Friday, 9 January 2009

Jim Hardy

Although I never knew Jim Hardy, this 1969 painting shows that he certainly had the face of a lifeboatman. Born in 1907 he had the reputation of having been a true local character. He became involved with the lifeboat in the early 1930's and enjoyed a long association with the boat and it's crew. Although he was not eligible for war service, he left Swanage during the war years and moved to London where he built lifeboats for Merchant ships in a boatyard on the Thames. In 1947 he returned to Swanage and continued his work with the Lifeboat.

His commitment to the town extended to being a local Councillor and he sat on the old Swanage Urban District Council. It is clear from what little I know of Jim that he valued the concept of service before self (a concept which I tend to think is undervalued today), we could learn much from him I'm sure.

Sadly details of Jim's service are in short supply, but I did find this interesting snippet in the 'Complete Historical Archive of the Lifeboat Journal'. It is probably a service which Jim took part in:

At 11.25 in the morning of the 4th of November, 1951, the Niton Radio Station reported a wireless message from a steamer that a schooner was in distress sixteen and a half miles south-south-east of Durlston Head, and at 11.40 the SWANAGE life-boat R.L.P. was launched. A southerly gale was blowing, with a heavy sea. At 2.45 in the afternoon the life-boat found H.M.S. Redpole towing the schooner Lamorna, of Southampton. The schooner had a crew of fourteen, and was bound for the South China Sea to search for Captain Kidd's treasure. The warship asked the life-boat to stand by,' which she did, but at 4.20 the Redpole said the life-boat was no longer needed and she made for Poole, as in that weather she could not have been put into her house at SWANAGE. When she was about half a mile east of Poole harbour she received a wireless request from the Redpole, now four and a half miles south of the Needles, asking her to return and stand by again, but she replied that the Yarmouth life-boat could reach the position more quickly.

Accordingly at 6.10 a message was sent to the Yarmouth life-boat station through the Niton Radio Station and the Ventnor coastguard, and at 6.24 the life-boat S.G.E. left her moorings, with the second coxswain in command. She found that the Lamorna had broken away from the Redpole, had lost her masts and had damaged her rudder. The life-boat spread oil on the water to help calm the heavy, breaking seas, and with great difficulty, owing to floating spars and ropes went alongside. She was slightly damaged, but she rescued the fourteen men and returned to her station, arriving at 8.50. The SWANAGE life-boat meanwhile had reached Poole at seven o'clock. The Lamorna eventually drifted ashore five miles east of Bournemouth. The owners and captain of the Lamorna gave 75 guineas to the Institution and 25 guineas to the Yarmouth crew in gratitude for the rescue. — Rewards, SWANAGE, £83 3s. 6d.; Yarmouth, Isle of Wight, £9 3s. 6d.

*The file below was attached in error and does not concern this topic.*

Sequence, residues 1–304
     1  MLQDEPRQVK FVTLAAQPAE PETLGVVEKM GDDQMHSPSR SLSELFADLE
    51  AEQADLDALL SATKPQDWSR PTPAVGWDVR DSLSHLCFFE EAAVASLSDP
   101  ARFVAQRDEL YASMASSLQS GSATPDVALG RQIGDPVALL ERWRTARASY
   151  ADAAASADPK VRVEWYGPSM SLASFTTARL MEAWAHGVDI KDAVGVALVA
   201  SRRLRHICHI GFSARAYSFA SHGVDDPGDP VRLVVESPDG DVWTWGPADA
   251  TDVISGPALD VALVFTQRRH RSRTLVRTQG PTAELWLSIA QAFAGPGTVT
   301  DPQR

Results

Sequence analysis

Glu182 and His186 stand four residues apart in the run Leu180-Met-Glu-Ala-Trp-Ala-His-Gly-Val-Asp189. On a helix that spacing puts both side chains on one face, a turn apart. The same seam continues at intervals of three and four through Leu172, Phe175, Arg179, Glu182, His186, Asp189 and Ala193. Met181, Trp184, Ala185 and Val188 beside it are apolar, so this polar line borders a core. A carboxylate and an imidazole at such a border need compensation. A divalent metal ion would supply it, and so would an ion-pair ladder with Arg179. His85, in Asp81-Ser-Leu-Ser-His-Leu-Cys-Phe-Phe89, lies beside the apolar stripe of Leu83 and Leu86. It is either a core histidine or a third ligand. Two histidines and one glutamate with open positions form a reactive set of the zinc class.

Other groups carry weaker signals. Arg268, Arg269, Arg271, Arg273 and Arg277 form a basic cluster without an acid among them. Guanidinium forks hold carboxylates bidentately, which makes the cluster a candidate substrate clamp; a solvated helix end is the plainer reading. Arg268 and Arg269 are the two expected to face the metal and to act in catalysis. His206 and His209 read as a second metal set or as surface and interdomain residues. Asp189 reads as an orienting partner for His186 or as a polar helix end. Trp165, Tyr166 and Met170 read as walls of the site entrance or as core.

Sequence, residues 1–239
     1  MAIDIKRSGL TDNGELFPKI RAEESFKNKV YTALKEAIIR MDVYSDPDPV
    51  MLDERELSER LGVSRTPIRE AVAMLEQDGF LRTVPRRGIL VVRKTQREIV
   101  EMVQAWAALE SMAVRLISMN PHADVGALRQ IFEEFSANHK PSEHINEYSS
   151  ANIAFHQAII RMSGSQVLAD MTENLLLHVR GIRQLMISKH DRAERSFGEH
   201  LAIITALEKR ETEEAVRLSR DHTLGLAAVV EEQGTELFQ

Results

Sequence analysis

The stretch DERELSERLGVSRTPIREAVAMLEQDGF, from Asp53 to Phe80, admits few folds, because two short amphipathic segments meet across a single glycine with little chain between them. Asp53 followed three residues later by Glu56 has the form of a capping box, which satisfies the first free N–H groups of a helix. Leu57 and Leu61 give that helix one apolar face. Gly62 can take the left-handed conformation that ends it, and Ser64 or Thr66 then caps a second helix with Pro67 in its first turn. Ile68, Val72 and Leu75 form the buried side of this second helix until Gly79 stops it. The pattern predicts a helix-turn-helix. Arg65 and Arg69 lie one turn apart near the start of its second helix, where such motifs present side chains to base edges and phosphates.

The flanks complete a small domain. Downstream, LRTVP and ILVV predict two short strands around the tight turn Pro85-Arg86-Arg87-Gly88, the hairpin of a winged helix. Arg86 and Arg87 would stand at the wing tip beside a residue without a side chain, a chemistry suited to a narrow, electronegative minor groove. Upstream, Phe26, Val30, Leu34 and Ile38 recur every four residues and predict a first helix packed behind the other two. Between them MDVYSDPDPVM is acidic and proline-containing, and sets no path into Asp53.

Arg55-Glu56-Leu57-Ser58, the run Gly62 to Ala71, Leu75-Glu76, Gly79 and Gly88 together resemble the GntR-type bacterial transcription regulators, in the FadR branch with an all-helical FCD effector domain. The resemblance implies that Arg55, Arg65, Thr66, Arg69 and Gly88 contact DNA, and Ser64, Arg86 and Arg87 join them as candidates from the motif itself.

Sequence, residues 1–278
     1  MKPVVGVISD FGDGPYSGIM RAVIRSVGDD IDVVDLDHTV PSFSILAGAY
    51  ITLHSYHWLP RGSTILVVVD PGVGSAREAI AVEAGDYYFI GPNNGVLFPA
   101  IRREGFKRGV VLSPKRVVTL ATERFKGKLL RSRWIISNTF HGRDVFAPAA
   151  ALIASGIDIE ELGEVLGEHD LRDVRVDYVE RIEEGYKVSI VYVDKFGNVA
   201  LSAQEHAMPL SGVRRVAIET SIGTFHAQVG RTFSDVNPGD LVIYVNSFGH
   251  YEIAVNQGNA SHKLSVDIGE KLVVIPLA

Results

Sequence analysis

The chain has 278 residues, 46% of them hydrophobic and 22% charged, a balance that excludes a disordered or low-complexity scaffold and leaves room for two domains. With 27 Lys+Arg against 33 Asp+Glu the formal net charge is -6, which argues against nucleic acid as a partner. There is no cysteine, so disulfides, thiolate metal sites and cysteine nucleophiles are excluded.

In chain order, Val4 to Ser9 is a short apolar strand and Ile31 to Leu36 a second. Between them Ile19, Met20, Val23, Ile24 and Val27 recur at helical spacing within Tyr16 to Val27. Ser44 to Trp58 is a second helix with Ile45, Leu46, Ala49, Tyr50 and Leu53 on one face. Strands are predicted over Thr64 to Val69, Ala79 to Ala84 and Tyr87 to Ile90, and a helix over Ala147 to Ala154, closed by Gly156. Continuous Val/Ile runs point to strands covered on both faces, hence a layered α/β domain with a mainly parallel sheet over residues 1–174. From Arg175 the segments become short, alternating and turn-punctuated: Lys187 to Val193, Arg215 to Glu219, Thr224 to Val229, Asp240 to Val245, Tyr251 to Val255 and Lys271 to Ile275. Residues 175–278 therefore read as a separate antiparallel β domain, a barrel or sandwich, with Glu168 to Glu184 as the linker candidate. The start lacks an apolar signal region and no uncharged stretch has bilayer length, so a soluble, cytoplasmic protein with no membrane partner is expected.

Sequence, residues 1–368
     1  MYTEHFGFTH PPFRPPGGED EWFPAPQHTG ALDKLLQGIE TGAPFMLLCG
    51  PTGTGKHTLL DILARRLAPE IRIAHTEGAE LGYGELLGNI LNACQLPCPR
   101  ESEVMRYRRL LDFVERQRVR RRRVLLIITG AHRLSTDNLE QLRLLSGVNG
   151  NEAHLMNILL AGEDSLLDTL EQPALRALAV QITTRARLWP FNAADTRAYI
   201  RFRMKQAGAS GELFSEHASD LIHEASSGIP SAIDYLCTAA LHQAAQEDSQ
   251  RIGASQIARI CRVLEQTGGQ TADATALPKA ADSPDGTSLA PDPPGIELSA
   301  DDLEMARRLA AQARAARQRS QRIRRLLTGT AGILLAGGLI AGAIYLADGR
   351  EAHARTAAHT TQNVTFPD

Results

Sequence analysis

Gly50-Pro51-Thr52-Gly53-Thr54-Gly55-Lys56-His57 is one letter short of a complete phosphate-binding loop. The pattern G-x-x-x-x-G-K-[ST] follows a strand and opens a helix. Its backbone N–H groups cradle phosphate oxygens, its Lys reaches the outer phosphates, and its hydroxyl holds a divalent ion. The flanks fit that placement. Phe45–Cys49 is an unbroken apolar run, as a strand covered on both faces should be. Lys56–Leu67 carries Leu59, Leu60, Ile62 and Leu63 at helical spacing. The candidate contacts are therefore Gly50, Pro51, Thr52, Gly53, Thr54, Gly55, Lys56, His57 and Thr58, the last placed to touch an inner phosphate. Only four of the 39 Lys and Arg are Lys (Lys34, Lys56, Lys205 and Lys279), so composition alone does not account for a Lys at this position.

Curiously the Swanage crew were rewarded with £83 3s. and 6d. while the Yarmouth crew (who actually effected the rescue) only received £9 3s. and 6d. Perhaps this was due to their additional reward from the owners of 25 guineas? I'd certainly be intrigued to know how this system of rewards worked and when it was phazed out...

(Quoted material is Copyright to the RNLI and taken from the Complete Historical Archive of the Lifeboat Journal)


Anonymous said...

Many thanks for that.

You´ve mentioned Jimś time as a Councillor and I´ve just got to whisper - y´know, it is Swanage - he was our only ever Labour Mayor.

Mumś got some of his RNLI history, I´ll try to post a potted history.

Thanks again.


(one of Jim´s grandsons)

lifeboatjohn said...

Thanks for that adendum Jon. Perhaps I won't make this public?!

I would appreciate some more details if you have them.